When I look through history I can't help but always be interested in how people think, and how architecture reflects that thought process of people. How even religion and the dominant philosophy reflect people's dealings with the environment.
Take these two radically different pictures of the same German city, Trier:
Two pictures of civilization yet they couldn't be more different. The first picture shows a model of the city based on Ancient Roman values, a society that placed great value on (scientific) knowledge, reflected in the attempt to achieve mathematical precision. It creates a predictable landscape. The Romans used their formula wherever they went and spread their civilization. They had clear standards in how a city ought to look. The second picture shows the mindset of the medieval (Catholic) Christians. Important buildings were at the center of civilization, such as castles or churches, at the center of a town. There was no desire to achieve mathematical precision, except for elite buildings, as towns were built on hilltops. A map of a medieval town contains logic, but is still rather messy.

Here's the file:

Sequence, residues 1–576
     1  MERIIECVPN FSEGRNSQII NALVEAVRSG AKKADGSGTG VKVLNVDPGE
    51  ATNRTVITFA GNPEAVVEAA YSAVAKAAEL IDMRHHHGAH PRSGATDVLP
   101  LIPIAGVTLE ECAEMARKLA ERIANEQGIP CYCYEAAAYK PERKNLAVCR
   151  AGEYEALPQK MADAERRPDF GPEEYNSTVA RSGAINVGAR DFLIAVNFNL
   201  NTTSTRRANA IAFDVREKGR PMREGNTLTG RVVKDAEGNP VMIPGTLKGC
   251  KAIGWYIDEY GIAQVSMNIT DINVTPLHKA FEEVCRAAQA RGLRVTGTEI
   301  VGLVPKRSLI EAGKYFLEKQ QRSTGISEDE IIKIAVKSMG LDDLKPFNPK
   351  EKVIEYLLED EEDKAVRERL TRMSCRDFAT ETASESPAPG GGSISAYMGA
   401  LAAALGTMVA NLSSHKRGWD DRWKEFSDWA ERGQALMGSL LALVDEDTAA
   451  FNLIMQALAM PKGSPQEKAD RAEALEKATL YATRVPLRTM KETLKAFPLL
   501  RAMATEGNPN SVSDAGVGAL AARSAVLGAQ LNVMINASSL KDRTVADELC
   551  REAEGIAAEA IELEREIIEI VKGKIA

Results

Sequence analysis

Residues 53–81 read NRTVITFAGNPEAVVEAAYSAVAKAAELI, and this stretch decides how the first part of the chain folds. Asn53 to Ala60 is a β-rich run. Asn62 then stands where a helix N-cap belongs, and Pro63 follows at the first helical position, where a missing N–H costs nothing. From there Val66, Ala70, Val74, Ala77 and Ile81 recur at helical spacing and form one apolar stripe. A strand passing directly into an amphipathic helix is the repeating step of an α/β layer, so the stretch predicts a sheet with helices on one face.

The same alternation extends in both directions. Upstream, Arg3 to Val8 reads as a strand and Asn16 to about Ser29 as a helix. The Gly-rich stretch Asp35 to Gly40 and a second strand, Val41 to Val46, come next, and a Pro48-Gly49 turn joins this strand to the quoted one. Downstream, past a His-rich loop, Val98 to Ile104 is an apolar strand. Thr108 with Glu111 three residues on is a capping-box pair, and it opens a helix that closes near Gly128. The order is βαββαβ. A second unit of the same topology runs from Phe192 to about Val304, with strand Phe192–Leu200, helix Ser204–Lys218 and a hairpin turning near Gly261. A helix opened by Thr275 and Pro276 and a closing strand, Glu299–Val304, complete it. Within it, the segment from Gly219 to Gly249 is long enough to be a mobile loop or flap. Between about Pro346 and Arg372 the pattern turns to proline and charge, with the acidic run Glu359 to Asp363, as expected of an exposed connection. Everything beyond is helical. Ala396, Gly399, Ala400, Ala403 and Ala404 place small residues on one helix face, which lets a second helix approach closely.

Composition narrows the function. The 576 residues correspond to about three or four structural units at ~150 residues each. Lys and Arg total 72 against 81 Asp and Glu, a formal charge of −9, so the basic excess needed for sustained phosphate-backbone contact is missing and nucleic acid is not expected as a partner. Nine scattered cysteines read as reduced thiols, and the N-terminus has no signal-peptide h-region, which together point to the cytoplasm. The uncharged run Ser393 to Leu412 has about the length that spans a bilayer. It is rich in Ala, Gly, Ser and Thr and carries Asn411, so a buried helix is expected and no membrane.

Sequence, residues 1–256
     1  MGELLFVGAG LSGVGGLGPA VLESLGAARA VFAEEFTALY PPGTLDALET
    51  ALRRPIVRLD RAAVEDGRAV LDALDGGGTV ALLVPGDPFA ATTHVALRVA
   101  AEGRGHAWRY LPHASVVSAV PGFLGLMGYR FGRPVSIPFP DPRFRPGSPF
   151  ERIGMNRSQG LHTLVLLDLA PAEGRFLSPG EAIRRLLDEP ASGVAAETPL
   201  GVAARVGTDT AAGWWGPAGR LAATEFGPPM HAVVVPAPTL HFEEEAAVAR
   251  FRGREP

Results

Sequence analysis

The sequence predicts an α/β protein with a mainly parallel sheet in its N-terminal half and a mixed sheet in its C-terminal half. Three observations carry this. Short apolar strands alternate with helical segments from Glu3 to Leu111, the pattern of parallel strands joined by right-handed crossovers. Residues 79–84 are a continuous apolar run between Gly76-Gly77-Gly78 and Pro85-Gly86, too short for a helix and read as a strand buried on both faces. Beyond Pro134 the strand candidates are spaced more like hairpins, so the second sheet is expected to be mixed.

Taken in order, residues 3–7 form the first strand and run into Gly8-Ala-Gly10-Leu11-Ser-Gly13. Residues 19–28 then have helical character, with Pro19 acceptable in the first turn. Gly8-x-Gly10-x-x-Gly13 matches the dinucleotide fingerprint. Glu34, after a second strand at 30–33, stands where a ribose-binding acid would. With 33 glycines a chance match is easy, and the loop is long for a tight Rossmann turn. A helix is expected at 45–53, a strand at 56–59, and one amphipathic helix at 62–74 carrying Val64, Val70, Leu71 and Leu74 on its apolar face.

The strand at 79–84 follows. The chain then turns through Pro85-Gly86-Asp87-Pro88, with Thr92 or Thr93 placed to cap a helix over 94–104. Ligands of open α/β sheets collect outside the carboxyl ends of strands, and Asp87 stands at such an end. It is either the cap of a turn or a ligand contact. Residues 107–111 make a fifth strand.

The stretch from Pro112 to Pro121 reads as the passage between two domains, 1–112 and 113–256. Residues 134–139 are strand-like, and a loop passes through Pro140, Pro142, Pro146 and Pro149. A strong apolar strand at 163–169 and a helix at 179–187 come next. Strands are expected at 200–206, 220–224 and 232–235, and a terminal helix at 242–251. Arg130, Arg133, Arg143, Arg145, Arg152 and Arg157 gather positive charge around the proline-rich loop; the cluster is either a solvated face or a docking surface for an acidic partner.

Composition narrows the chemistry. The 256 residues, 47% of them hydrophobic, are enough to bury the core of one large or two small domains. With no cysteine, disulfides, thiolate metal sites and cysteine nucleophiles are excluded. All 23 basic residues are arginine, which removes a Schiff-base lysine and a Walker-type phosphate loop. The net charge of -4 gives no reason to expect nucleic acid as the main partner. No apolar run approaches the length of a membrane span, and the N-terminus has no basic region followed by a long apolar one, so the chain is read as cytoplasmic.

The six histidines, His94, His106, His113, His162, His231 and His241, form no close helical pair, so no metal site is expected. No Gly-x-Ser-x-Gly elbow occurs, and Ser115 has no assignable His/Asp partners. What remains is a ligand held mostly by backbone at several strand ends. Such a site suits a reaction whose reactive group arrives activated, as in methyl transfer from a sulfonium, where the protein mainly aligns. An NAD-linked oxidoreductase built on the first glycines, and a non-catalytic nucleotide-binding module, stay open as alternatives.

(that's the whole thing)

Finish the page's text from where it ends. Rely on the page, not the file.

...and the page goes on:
One mindset shows an emphasis on mastery and precision, the other on adaptation. We could say both mindsets try to achieve ''harmony'', but in different ways.
In our modern industrial world, it is easy to see that the classical mindset has 'won' the war of minds. Most new buildings, houses, flats etc. usually follow less natural and aesthetic guidelines but technical-rational ones. They follow the gods of efficiency and rationality. Math becomes the god and for the last couple of centuries, even God has been viewed as the greatest mathematician.
Which mindset do you prefer, and why?
I am a hopeless romantic and whilst I appreciate and respect the classical mindset, I find there to be more beauty in the adaptive approach of the medieval Christians. Their landscape shows a diversity of classical elements (the churches themselves), but the landscape still gives great hints of nature and reflect a people that aim to adapt to their environment, instead of an unending hunger for mastery over the natural world. This balance to me is the more harmonious solution.